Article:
Bookmarklets: Free Tools For Power Surfing

Bookmarklets are handy free tools that enhance your web surfing, acting much like "intelligent" bookmarks.

You're familiar with bookmarks (or "favorites," as Microsoft calls them). They're a handy way to store favorite URLs so you can quickly visit a Web site without bothering with typing.

Wouldn't it be nice if bookmarks were a bit more "intelligent?" Say, for example, you found something interesting on a Web page and wanted to search MetaCrawler for more information. Why not a bookmark that not only called up HotBot but was smart enough to pass along the search string so you didn't have to type it?

Bookmarklets do just that. For example, with the "More Info About" general-purpose search bookmarklet, you simply highlight text on a Web page, and click on the bookmarklet just like you would any other bookmark. You're then presented with a Web page that has links to dozens of search engines, with the highlighted text already filled in the search forms. Select MetaCrawler and you're off and running, with no additional work.

In addition to the major search engines and directories, the More Info About search bookmarklet also has forms to look up words in the dictionary, thesaurus, acronym finder, or technical dictionary.

Other useful bookmarklets include:

  • Page Data Bookmarklets: Do a freshness test; extract links from a page; email, copy, or create a new page with selected text; and other tools to extract data from a Web page.

  • Page Look Bookmarklets: Change page colors; do auto-scrolls; zoom on image; and other tools to change the appearance of a Web page.

  • Navigation Bookmarklets: Back all frames; go to random; find simultaneously; and tools that affect navigation between pages.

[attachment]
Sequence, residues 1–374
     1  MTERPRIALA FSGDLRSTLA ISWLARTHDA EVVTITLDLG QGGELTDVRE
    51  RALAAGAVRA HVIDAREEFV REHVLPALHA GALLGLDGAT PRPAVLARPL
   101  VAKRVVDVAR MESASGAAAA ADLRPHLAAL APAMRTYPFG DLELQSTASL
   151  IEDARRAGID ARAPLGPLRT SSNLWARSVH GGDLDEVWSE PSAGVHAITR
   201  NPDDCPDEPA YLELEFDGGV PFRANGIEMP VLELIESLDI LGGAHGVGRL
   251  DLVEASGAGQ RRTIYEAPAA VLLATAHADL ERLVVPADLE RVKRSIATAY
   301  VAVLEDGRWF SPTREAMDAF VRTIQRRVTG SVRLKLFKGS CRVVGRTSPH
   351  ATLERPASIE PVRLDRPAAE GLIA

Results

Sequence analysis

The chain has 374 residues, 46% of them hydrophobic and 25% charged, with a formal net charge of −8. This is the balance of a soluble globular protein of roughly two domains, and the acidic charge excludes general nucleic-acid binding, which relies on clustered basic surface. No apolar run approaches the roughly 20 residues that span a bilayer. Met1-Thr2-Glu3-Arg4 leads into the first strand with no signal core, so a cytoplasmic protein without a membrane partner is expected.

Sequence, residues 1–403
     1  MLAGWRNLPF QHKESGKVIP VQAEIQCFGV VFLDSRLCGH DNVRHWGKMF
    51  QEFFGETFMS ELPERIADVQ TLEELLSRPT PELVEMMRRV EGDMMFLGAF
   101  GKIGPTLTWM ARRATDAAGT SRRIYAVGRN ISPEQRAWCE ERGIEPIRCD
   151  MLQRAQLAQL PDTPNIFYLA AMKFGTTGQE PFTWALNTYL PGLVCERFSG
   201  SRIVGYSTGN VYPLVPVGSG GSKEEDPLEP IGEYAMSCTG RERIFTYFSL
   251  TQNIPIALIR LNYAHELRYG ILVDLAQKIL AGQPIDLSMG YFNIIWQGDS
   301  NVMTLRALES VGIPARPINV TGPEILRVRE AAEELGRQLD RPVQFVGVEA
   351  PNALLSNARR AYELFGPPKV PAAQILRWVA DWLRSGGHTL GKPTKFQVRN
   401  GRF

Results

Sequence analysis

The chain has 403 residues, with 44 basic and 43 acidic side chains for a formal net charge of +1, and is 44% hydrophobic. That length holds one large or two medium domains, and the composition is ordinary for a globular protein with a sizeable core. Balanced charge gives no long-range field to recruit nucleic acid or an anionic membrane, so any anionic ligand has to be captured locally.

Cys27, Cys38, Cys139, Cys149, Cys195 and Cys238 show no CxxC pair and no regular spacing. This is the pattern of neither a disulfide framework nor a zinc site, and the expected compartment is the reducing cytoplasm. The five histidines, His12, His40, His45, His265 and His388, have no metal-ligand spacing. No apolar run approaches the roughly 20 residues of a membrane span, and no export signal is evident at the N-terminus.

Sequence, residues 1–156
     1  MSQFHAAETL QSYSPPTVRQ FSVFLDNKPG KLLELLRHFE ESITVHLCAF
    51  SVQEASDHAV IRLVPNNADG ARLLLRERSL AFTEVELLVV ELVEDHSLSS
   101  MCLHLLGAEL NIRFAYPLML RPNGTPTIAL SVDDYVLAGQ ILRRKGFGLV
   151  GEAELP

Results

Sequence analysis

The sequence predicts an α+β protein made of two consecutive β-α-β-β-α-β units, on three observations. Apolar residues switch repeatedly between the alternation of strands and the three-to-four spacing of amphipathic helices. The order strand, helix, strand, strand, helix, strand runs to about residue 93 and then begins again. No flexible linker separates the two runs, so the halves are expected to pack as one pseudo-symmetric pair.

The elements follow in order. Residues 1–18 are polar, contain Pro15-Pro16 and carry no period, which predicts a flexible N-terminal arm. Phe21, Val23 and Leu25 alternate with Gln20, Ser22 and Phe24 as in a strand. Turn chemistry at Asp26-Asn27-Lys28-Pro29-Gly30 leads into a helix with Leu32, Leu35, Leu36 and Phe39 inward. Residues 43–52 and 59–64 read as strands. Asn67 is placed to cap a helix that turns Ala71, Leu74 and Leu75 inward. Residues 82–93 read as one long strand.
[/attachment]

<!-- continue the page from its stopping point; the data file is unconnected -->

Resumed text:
• Other Bookmarklets: Numerous utilities, calculator and conversion tools, Web page design tools, and other fun toys.

You can customize or even create your own bookmarklets.

Boookmarklets have been available for a few years, and some of them are looking a bit long in the tooth due to a lack of updating. That said, most are still pretty useful, and once you get the hang of them they can really enhance your overall Web surfing experience.


Search Headlines

NOTE: Article links often change. In case of a bad link, use the publication's search facility, which most have, and search for the headline.

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About the author

Chris Sherman is a frequent contributor to several information industry journals. He's written several books, including The McGraw-Hill CD ROM Handbook and The Invisible Web: Uncovering Information Sources Search Engines Can't See, co-authored with Gary Price. Chris has written about search and search engines since 1994, when he developed online searching tutorials for several clients. From 1998 to 2001, he was's Web Search Guide.